were authenticated by Dr. Brij Lal, CSIR-Institute of Himalayan
Bioresource Technology, Palampur, India and a voucher specimen
was deposited in the herbarium (voucher no. PLP 16528) of CSIRInstitute of Himalayan Bioresource Technology, Palampur, India.
2.3. Extraction and isolation of standard compounds
Bark sample was used for the isolation of compounds 7, 1316.
Air dried powder of bark (1.0 kg) of Z. armatum was extracted with
methanol (3 4 L) in a percolator at room temperature. Combined
percolations were dried under reduced pressure to yield 138.2 g of
methanol extract. The crude extract thus obtained was suspended
in water and sequentially fractionated with n-hexane, chloroform, ethyl acetate and n-butanol to get corresponding fractions,

i.e. n-hexane (12.5 g), chloroform (34.3 g), ethyl acetate (12.1 g),
n-butanol (32.4 g) and aqueous fraction (38.1 g). Chloroform fraction (25.0 g) was subjected to column chromatography over
silica-gel (60120 mesh) and eluted with 10%, 20%, 30%, 50%, 75%
and 100% ethyl acetate in n-hexane. Repeated column chromatography of combined fractions eluted in 20% ethyl acetate in n-hexane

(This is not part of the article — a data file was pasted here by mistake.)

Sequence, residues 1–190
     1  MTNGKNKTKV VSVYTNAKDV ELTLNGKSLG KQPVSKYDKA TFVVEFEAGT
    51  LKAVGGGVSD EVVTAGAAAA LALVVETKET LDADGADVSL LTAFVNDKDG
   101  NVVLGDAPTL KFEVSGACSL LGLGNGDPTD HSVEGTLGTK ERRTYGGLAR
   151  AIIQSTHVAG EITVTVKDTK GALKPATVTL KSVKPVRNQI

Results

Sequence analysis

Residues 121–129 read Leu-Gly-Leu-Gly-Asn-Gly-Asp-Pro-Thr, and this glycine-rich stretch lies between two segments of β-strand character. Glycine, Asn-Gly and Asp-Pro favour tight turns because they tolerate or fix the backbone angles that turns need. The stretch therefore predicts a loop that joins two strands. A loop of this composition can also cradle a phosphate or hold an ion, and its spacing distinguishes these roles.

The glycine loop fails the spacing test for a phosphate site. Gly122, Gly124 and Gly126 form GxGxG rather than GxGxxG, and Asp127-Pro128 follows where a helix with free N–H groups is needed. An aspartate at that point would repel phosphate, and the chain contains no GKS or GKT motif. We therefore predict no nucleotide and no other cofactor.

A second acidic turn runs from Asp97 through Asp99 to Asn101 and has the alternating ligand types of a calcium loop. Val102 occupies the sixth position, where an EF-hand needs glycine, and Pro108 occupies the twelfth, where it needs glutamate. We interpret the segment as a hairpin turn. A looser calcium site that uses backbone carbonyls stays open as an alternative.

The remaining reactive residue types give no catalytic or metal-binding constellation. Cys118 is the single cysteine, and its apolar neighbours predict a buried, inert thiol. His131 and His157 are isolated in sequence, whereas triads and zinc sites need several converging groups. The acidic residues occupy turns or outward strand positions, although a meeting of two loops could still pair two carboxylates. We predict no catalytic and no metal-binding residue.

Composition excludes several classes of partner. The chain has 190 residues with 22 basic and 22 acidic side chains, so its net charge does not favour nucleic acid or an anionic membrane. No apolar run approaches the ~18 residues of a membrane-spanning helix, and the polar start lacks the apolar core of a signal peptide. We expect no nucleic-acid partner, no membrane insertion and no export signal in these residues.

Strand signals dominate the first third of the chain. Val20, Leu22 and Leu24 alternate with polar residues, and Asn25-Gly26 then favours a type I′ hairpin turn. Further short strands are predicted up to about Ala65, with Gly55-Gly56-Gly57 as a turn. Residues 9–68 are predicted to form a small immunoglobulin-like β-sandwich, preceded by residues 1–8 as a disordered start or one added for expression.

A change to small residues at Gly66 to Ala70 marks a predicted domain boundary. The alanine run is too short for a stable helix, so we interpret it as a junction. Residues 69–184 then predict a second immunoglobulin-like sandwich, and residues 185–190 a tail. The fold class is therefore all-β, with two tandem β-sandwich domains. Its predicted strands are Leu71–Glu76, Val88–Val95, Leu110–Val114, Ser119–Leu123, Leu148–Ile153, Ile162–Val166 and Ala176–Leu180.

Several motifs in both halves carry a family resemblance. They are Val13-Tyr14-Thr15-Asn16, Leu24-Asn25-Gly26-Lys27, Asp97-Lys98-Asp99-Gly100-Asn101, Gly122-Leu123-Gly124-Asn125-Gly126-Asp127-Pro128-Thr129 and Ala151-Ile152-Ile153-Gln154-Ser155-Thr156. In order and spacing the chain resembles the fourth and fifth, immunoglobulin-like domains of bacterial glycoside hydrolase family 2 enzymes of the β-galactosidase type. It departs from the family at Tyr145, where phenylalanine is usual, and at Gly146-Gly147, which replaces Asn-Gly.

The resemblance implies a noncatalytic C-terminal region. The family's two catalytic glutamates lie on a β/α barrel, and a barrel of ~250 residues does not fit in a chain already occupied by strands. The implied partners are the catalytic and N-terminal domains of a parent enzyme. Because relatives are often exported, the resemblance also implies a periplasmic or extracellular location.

led to the isolation of asarinin (16, 234 mg) and sesamin (15,
460 mg). Column chromatography of fractions (30% ethyl acetate
in n-hexane) resulted in the isolation of fargesin (14, 547 mg) and
kobusin (13, 650 mg). Repeated column chromatography of fractions obtained in 50% ethyl acetate/n-hexane led to the isolation of
armatamide (7, 480 mg).
2.4. Sample preparation
Leaves, bark and seeds of Z. armatum were ground into ne
powder. The powdered sample (100 mg) was extracted twice with
methanol:ethyl acetate (1:1, v/v, 10 mL) in an ultrasonic water
bath at 50 C for 15 min. The resultant solution was ltered and
the solvent was removed under reduced pressure. The extract thus
obtained was dissolved in 8 mL of LC grade acetonitrile and ltered.
1 L of the sample was injected into UPLC system for analysis.
2.5. Standard solutions
Accurately weighed ve compounds 7, 1316 were dissolved
in acetonitrile to prepare stock solutions. The concentrations of
stock solutions were 250 g/mL for 7 and 500 g/mL for 1316